Vans has asked a New York federal court to find that MSCHF is disregarding a temporary restraining order and preliminary injunction that prohibit it from continuing to offer up and/or fulfill existing orders for the allegedly infringing Wavy Baby sneakers. In a letter to Judge William Kuntz of the U.S District Court for the Eastern District of New York dated May 12, counsel for Vans alleges that despite the court’s April 29 Decision & Order, granting Vans’ motion for a temporary restraining order and preliminary injunction, MSCHF has “continued to fulfill orders for, and ship, its infringing Wavy Baby shoes in violation of the injunction.” 

“Despite the unambiguous language of the injunction,” Vans alleges that it has learned from “multiple sources that MSCHF has continued to ship the infringing shoes to customers even after the injunction issued and that it has also refused to reverse and/or cancel incomplete orders for the infringing shoes.” Specifically, Vans asserts that it maintains evidence that two MSCHF customers who ordered the Wavy Baby sneakers in April “received notifications from MSCHF’s shipping carrier indicating they had received [their] order information.” Beyond that, Vans claims that it has evidence that one of its own employees who ordered the allegedly infringing shoes on April 18 “received a shipment notification that her order had been picked up by the carrier from a warehouse facility in China operated by MSCHF’s manufacturer/distributor” on May 11, almost two weeks after the injunction was issued. 

“Each of the [these] violations, alone,” serves to violate the court’s order, which “clearly and unambiguously” prohibits MSCHF from “fulfill[ing] any orders for the infringing shoes” and requires it to “‘reverse and/or cancel’ any unfulfilled orders,” counsel for Vans contends. As such, they “merit a finding that MSCHF is in contempt of this court’s order,” per Vans, and also “demonstrate that MSCHF has intentionally and repeatedly flouted the authority of the court.” Beyond that, Vans asserts that it is “highly likely that more similar incidents will come to light through the briefing and hearing of Vans’ contempt motion.” 

With the foregoing in mind, Vans argues that a finding of contempt and appropriate sanctions are “necessary to ensure MSCHF’s compliance with its obligations, and to protect Vans’ intellectual property rights from further irreparable harm.” Such a finding is proper here, counsel for the Southern California-based footwear brand argues, as “(1) the [court’s] order that was violated by [MSCHF] is ‘clear and unambiguous;’ (2) the proof of noncompliance is ‘clear and convincing;’ and (3) [MSCHF] has not ‘diligently attempted to comply [with the order] in a reasonable manner.’”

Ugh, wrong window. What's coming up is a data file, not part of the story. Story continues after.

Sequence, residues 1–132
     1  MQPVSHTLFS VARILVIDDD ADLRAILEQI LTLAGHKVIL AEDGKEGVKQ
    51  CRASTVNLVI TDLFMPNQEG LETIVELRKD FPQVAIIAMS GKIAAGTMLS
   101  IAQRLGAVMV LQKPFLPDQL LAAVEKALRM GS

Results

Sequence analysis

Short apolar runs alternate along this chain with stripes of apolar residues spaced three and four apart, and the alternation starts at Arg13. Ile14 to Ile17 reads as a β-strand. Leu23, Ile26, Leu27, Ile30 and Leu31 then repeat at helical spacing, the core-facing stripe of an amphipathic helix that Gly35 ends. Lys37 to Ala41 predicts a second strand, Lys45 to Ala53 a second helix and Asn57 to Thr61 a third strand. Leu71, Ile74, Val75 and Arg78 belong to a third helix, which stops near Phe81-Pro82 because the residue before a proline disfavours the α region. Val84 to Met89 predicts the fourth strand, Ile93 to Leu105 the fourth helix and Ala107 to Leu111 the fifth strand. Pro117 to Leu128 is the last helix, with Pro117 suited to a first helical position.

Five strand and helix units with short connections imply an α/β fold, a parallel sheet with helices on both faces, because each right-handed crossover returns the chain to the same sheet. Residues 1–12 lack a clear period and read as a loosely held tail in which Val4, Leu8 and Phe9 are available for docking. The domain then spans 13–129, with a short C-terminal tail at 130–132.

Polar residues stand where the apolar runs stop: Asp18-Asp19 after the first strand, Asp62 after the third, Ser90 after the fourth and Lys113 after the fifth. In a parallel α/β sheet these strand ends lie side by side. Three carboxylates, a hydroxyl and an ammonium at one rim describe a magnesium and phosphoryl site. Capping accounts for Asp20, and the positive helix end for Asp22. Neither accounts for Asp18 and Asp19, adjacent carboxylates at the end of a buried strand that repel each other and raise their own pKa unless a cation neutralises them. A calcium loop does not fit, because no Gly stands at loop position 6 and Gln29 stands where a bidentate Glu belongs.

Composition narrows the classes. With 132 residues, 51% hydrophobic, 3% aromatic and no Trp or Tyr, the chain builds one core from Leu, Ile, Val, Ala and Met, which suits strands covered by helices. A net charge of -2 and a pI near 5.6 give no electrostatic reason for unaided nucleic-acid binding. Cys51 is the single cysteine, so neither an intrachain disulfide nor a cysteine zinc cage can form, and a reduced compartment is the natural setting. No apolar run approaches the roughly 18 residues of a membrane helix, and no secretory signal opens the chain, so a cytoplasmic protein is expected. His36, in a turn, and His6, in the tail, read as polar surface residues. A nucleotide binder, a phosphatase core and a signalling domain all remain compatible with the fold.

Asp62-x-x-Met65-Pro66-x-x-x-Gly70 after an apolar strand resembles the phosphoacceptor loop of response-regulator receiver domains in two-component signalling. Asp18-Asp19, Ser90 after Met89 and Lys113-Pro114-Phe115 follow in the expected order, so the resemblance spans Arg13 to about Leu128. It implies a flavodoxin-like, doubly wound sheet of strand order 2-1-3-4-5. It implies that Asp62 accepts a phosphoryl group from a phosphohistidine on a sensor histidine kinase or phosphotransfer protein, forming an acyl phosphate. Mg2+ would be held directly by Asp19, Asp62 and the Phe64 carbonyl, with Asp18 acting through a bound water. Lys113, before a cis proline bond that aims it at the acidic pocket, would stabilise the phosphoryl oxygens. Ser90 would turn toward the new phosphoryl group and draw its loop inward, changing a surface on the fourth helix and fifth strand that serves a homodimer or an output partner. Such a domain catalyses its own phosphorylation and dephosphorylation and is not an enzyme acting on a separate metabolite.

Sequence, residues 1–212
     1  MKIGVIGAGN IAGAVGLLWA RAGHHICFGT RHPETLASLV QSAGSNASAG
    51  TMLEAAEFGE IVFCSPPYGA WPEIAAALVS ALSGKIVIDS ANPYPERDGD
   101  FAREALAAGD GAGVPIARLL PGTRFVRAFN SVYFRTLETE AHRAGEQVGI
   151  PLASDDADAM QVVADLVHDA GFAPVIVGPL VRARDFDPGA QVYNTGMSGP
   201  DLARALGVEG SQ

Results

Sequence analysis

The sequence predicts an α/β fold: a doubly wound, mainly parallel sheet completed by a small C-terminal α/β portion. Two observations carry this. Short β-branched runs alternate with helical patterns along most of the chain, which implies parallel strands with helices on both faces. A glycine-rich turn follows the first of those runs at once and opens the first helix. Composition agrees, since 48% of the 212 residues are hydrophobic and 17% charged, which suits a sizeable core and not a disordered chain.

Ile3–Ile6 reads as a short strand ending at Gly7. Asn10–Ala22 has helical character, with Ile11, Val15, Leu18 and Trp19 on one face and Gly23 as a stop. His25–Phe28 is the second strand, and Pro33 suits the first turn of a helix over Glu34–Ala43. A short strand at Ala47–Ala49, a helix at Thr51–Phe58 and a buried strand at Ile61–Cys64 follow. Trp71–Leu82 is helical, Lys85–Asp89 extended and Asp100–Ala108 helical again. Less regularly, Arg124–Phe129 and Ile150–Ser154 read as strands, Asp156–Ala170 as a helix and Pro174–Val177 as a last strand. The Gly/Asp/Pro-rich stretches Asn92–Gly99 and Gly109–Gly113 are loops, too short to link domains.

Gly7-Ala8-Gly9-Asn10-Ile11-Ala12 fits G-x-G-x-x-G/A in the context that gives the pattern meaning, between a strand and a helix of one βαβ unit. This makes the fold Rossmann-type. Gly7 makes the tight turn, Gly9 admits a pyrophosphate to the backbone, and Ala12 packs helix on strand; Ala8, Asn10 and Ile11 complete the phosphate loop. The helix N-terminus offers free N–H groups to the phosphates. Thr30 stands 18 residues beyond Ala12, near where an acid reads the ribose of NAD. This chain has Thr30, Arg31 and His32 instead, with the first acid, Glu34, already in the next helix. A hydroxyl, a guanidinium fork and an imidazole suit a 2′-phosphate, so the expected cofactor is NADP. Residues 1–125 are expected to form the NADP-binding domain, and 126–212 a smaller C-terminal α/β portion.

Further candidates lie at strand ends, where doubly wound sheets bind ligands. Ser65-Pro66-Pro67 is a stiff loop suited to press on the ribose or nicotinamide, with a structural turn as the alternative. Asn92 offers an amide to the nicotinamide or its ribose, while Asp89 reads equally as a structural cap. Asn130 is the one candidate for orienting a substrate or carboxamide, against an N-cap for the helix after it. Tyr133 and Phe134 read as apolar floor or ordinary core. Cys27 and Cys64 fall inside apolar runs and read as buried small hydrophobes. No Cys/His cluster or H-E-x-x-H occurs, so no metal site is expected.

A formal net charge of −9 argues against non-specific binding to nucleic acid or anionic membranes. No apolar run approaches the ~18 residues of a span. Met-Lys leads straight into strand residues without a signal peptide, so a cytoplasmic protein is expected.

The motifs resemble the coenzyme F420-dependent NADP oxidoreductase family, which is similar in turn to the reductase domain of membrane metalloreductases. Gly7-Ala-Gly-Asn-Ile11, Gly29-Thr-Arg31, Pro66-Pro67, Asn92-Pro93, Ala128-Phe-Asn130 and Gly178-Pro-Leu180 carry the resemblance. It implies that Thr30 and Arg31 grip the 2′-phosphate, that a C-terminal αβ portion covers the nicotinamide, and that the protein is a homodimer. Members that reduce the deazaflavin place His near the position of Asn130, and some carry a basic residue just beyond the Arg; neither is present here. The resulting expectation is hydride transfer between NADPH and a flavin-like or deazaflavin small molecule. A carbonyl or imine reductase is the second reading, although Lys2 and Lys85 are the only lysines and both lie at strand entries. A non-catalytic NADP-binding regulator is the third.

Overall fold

In addition to an order of contempt, Vans contends that the imposition of sanctions is “necessary to immediately ensure that MSCHF conforms its conduct to the court’s unambiguous instructions,” including “a coercive fine to ensure MSCHF’s future compliance with the court’s order.” On this point, Vans cites the award of “a fine of $25,000 plus a fine of $10,000 for each day the contemnor failed to comply with the court’s order” from U.S District Court for the Southern District of New York in Cherie Amie, Inc. v. Windstar Apparel, Corp. It further contends that “an award of attorneys’ fees for the cost to Vans of bringing MSCHF’s contempt to the Court’s attention should also be granted, as MSCHF had ample notice of the Injunction and nonetheless willfully disregarded its obligations.” 

Judge Kuntz responded to Vans’ letter on May 12 with an order that MSCHF file a response to Vans’ contempt and sanctions request “on or before May 20.”

Vans made headlines last month when it filed suit against Brooklyn-based “art collective” MSCHF, alleging that “in spite of, or perhaps due to, [its] knowledge of Vans’ rights and the substantial value of the Vans trademarks and trade dress, MSCHF embarked on a campaign to piggy-back on Vans’ rights and the goodwill it has developed in its iconic shoes” by offering up a shoe of its own that “blatantly and unmistakably incorporates Vans’ iconic trademarks and trade dress.” In its complaint, Vans claims that by way of the Wavy Baby sneaker, MSCHF is willfully infringing its trademark and trade dress rights in the 40-year-old OLD SKOOL shoe, including the Side Stripe trademark, and also engaging in unfair competition, trademark dilution, and unfair trade practices under New York State law.